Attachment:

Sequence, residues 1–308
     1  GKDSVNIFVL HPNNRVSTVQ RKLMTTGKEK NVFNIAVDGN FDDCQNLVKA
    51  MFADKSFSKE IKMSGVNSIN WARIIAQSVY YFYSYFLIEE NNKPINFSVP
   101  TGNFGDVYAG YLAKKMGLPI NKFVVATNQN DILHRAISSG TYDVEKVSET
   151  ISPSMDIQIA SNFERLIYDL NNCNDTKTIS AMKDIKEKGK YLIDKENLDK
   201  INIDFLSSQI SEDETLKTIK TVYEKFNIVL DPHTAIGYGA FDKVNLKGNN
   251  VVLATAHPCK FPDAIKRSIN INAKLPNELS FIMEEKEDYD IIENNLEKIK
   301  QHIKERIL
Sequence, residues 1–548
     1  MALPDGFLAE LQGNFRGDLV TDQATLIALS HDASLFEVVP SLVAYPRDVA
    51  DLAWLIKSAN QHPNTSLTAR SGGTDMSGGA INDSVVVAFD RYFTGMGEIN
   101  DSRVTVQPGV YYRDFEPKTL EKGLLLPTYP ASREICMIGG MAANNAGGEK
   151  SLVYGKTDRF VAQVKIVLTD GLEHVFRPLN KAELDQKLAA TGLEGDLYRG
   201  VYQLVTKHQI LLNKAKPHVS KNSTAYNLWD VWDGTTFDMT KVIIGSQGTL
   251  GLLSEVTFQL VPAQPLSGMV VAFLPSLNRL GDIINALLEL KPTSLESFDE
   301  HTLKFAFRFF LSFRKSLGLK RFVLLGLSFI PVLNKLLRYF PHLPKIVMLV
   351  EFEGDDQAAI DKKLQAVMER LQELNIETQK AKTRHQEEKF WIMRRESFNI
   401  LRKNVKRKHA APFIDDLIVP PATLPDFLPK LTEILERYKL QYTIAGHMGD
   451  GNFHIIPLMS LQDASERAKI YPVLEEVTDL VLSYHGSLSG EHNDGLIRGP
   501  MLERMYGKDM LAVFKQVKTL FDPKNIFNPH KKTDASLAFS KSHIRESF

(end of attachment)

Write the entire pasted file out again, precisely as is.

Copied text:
Sequence, residues 1–308
     1  GKDSVNIFVL HPNNRVSTVQ RKLMTTGKEK NVFNIAVDGN FDDCQNLVKA
    51  MFADKSFSKE IKMSGVNSIN WARIIAQSVY YFYSYFLIEE NNKPINFSVP
   101  TGNFGDVYAG YLAKKMGLPI NKFVVATNQN DILHRAISSG TYDVEKVSET
   151  ISPSMDIQIA SNFERLIYDL NNCNDTKTIS AMKDIKEKGK YLIDKENLDK
   201  INIDFLSSQI SEDETLKTIK TVYEKFNIVL DPHTAIGYGA FDKVNLKGNN
   251  VVLATAHPCK FPDAIKRSIN INAKLPNELS FIMEEKEDYD IIENNLEKIK
   301  QHIKERIL
Sequence, residues 1–548
     1  MALPDGFLAE LQGNFRGDLV TDQATLIALS HDASLFEVVP SLVAYPRDVA
    51  DLAWLIKSAN QHPNTSLTAR SGGTDMSGGA INDSVVVAFD RYFTGMGEIN
   101  DSRVTVQPGV YYRDFEPKTL EKGLLLPTYP ASREICMIGG MAANNAGGEK
   151  SLVYGKTDRF VAQVKIVLTD GLEHVFRPLN KAELDQKLAA TGLEGDLYRG
   201  VYQLVTKHQI LLNKAKPHVS KNSTAYNLWD VWDGTTFDMT KVIIGSQGTL
   251  GLLSEVTFQL VPAQPLSGMV VAFLPSLNRL GDIINALLEL KPTSLESFDE
   301  HTLKFAFRFF LSFRKSLGLK RFVLLGLSFI PVLNKLLRYF PHLPKIVMLV
   351  EFEGDDQAAI DKKLQAVMER LQELNIETQK AKTRHQEEKF WIMRRESFNI
   401  LRKNVKRKHA APFIDDLIVP PATLPDFLPK LTEILERYKL QYTIAGHMGD
   451  GNFHIIPLMS LQDASERAKI YPVLEEVTDL VLSYHGSLSG EHNDGLIRGP
   501  MLERMYGKDM LAVFKQVKTL FDPKNIFNPH KKTDASLAFS KSHIRESF